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RDEL #13: The case for (and against) pair programming
What are the benefits and costs, and when does it makes sense to consider implementing it?
Welcome back to RDEL! Each week, we pose an interesting topic in engineering leadership, and apply the latest research in the field to drive to an answer. (BTW - We’re publishing RDEL #13, on the week of Friday the 13th, in October 🕸️ 🦴 🎃).
👨💻👩💻 This week, we look to a programming practice that has been widely debated for years - pair programming. It seems each company has a different opinion on the value of pair programming (personally, I’ve been in engineering orgs that have polar opposite opinions on whether to implement it). So, what’s the case for (and against) pair programming?
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Pair programming is a practice in which two software engineers work together on a single software implementation. It originated from Extreme Programming, introduced by Kent Beck as a famous aspect of the Agile framework. Generally, one engineer is driving the code writing process (driving), while the other engineer is asking questions, navigating implementation, or making suggestions (navigator). There are also other styles of pair programming, such as ping-ponging back and forth.
Unlike more commonplace programming practices like code reviews, pair programming sees a broad range of perspectives on whether or not it is a worthwhile practice. For example, a team at Thoughtworks assessed the benefits and costs of pair programming for their own organization - their answer to whether to pair program was: “Sometimes - but give it a chance”. (Their arguments are much more detailed than that, and I highly recommend the read!).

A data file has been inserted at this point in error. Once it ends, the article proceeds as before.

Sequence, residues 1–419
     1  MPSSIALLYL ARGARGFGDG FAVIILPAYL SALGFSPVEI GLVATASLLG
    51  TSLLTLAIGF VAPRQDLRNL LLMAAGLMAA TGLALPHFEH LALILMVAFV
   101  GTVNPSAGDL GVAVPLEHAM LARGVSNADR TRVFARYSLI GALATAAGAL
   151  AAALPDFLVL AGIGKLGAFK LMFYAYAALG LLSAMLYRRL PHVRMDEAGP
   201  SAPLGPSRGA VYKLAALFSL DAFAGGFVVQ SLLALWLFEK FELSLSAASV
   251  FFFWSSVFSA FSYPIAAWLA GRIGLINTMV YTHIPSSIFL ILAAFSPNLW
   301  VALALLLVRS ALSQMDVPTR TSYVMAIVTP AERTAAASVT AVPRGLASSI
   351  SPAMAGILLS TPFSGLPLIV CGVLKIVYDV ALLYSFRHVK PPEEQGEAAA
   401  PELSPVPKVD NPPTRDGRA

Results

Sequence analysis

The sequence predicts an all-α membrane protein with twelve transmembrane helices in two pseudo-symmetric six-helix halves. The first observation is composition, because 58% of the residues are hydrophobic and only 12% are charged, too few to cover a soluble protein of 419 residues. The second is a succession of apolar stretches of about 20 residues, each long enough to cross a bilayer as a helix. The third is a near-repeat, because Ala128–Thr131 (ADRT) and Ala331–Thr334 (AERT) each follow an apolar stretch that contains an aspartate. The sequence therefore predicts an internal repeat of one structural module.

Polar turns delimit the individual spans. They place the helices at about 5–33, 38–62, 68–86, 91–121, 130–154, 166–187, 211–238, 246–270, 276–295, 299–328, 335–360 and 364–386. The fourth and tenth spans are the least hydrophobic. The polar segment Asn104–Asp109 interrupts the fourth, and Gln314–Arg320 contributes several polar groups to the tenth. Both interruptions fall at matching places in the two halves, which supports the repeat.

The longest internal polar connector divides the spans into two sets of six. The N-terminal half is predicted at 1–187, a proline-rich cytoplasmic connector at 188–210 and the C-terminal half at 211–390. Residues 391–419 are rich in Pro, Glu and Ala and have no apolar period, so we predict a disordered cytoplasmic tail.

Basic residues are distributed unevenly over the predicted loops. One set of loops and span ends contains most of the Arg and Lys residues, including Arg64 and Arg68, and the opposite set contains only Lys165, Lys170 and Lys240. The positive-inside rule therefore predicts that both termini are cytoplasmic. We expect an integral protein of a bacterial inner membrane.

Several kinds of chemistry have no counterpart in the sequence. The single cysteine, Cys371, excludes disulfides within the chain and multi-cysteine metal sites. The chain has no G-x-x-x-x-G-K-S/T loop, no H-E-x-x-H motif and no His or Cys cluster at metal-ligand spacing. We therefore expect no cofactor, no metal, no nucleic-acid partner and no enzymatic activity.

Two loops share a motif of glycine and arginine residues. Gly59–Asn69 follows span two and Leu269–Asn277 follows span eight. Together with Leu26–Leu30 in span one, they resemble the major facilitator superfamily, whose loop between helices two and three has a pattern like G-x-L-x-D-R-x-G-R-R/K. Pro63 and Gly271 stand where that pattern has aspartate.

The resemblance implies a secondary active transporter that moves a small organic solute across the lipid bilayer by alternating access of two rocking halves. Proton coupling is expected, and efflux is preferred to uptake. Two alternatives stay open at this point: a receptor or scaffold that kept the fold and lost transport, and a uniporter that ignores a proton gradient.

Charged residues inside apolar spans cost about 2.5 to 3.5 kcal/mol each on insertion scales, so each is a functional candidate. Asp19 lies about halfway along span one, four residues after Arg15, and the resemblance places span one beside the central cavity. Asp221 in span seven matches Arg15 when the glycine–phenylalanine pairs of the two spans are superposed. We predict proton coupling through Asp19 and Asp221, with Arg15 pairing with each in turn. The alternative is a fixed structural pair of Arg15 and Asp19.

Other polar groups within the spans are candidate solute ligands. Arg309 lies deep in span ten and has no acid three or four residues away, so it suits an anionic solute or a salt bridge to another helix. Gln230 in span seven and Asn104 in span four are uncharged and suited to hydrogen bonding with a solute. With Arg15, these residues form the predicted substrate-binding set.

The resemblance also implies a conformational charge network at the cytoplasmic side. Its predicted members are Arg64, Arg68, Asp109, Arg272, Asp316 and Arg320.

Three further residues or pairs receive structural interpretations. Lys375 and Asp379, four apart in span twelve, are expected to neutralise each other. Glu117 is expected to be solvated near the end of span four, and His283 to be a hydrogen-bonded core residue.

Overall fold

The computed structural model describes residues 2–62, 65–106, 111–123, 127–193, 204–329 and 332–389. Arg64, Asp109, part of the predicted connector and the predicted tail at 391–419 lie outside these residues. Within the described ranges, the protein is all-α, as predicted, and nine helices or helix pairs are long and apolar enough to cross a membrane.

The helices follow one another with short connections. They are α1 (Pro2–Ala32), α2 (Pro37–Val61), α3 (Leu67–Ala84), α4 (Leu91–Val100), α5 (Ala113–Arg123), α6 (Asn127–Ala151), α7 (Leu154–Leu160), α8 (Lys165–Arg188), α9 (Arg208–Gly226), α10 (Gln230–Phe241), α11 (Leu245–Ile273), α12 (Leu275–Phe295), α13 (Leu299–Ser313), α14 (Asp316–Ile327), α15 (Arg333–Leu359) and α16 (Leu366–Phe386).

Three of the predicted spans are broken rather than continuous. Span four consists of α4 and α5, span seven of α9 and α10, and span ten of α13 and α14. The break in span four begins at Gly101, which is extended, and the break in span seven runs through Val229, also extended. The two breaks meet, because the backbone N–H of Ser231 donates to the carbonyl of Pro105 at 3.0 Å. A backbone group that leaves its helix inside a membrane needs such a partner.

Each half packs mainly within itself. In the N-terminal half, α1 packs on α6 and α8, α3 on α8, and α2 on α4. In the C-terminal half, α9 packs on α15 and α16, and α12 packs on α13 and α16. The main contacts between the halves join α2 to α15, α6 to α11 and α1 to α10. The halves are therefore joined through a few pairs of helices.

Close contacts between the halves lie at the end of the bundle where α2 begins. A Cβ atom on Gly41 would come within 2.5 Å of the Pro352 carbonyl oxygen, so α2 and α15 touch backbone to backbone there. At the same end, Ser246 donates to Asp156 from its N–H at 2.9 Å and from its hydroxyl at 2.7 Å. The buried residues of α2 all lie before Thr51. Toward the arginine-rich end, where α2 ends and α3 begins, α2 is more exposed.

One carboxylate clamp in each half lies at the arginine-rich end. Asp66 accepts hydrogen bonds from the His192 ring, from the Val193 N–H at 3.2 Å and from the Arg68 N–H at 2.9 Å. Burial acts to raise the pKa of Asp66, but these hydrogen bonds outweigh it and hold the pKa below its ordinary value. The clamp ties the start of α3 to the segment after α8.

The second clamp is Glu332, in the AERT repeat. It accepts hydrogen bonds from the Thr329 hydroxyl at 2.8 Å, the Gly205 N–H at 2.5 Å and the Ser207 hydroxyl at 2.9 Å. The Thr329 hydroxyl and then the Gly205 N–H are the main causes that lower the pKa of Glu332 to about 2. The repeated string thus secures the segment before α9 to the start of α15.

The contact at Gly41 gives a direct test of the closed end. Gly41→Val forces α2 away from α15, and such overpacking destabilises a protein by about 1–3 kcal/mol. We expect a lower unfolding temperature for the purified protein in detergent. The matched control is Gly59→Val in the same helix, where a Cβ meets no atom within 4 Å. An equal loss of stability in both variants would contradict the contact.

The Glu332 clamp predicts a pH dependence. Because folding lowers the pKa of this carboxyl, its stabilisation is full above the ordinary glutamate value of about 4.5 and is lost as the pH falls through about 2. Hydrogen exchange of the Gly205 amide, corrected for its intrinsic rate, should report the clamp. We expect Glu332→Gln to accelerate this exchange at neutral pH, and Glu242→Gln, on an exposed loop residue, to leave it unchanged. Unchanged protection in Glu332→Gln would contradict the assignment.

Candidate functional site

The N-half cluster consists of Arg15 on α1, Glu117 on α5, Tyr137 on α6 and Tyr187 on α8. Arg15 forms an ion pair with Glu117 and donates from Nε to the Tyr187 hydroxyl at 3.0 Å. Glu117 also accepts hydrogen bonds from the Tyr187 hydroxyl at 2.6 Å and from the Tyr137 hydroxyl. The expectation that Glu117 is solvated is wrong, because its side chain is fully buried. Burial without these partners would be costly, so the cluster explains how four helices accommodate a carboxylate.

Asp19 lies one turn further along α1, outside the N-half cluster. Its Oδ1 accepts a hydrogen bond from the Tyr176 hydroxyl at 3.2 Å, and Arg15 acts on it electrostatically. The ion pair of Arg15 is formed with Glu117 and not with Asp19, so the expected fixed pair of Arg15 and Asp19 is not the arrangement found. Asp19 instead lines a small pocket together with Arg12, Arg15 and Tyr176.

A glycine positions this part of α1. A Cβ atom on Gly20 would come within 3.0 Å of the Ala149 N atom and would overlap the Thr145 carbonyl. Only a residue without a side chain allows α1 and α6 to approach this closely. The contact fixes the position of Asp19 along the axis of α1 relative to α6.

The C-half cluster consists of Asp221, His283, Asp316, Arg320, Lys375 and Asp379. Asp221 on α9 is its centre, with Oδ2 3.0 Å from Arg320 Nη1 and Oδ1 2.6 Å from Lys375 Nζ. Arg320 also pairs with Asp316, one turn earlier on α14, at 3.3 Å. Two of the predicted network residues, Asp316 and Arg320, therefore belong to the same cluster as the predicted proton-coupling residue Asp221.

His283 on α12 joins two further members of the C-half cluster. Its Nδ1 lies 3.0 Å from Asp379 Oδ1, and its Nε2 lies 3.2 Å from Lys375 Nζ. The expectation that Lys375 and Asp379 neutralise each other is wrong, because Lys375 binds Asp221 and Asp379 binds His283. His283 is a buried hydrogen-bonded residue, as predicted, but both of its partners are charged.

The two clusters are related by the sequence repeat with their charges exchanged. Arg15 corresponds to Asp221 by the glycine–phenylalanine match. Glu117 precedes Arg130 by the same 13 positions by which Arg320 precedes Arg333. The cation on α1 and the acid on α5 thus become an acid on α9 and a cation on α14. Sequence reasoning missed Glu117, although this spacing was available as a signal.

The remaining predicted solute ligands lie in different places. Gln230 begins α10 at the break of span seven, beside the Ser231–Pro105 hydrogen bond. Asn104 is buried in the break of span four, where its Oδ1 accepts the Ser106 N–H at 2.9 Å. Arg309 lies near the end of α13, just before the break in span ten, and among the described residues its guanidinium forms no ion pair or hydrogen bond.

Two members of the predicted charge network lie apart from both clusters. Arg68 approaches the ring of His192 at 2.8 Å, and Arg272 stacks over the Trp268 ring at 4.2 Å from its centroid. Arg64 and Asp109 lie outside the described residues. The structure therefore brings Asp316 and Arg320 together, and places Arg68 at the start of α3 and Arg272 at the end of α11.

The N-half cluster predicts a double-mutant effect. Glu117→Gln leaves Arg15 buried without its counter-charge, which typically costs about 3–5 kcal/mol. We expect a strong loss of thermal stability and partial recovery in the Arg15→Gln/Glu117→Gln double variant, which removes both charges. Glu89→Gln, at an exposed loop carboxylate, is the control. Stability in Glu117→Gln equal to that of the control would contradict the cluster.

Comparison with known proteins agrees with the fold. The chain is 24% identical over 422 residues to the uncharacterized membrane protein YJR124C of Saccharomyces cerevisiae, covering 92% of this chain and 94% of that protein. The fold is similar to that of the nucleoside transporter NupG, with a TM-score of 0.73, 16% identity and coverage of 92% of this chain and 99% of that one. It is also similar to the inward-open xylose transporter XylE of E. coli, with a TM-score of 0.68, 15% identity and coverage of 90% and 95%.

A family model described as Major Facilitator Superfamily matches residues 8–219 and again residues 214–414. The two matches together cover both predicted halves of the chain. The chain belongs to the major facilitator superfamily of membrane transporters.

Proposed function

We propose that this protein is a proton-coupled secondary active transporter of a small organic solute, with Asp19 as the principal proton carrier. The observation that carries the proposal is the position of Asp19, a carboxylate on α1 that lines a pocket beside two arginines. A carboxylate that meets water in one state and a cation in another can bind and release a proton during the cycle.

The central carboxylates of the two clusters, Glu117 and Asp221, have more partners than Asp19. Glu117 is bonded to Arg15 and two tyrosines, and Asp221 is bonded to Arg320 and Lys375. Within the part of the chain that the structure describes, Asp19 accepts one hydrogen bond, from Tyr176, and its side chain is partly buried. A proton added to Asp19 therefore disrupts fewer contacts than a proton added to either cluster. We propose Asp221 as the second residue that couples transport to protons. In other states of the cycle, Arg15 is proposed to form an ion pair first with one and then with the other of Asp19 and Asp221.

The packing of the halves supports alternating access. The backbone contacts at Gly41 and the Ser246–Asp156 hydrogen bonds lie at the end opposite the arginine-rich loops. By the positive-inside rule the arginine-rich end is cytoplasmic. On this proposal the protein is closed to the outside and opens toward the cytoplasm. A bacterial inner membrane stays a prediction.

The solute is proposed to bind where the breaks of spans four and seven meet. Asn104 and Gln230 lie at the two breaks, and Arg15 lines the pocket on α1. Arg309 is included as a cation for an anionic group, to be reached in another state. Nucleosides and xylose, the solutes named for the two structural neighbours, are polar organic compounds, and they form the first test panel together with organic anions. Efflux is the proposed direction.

With so many diverse perspectives on pair programming, its useful to turn to the research lens - our favorite lens 🙂.
A team of researchers performed a qualitative analysis on 487 software engineers, QA engineers, and program managers. Researchers collected free-answer responses and categorized them across themes to form a view of benefits, challenges, and attributes of pair programming.
The key takeaways from the paper include:
64.5% of respondents agreed that there are fewer bugs in the code because of pair programming.
Only about 40% of respondents said pair programming was working for their larger group, which researchers believe may signal the challenges of getting org-wide buy-in for pair programming.
Engineers did not feel strongly that pair programming takes more time to do than if the same work had been done alone.
Respondents answered that the top benefits were fewer bugs, spreads code understanding, high quality code, and learning from a partner. When asked about the biggest challenges, respondents said cost efficiency, scheduling, and personality clash in programmers.
This paper offers a glimpse of why and when a team should consider pair programming. Pair programming offers benefits in a number of cases:
For knowledge transfer (of domain knowledge or best practices): developers mentioned in multiple ways that pair programming can improve code quality and spread code understanding. This is especially useful for new engineers looking to build context, as well as for ongoing learning and development of early-to-mid career engineers.
To increase code quality: in companies where bugs are frequently introduced into the system, pair programming can be a useful technique for teammates to catch bugs earlier in the software development lifecycle. In many cases, the benefits of reducing production bugs offsets the cost of having two developers working on the same task.
Another benefit not directly mentioned in this research paper (but highlighted in the Thoughtspot analysis) is diversity. When diverse perspectives come together to build software, the outcomes are shown to be higher quality. Developers in the study call out the friction of working together with different personalities, but it is perhaps because of that friction that teams also notice better software outcomes. Creating a formal process for developers of different backgrounds to come together is a great way to experience the many benefits of having a diverse team.
Though there are many benefits, pair programming still needs to be introduced and reinforced into the culture of the team, and might not always be the best fit. Use this analysis to decide if it is right for your team, and remember that great processes take time to do well.
Wishing you all a wonderful (and spooky 👻) week - and happy Research Monday!
From the Quotient team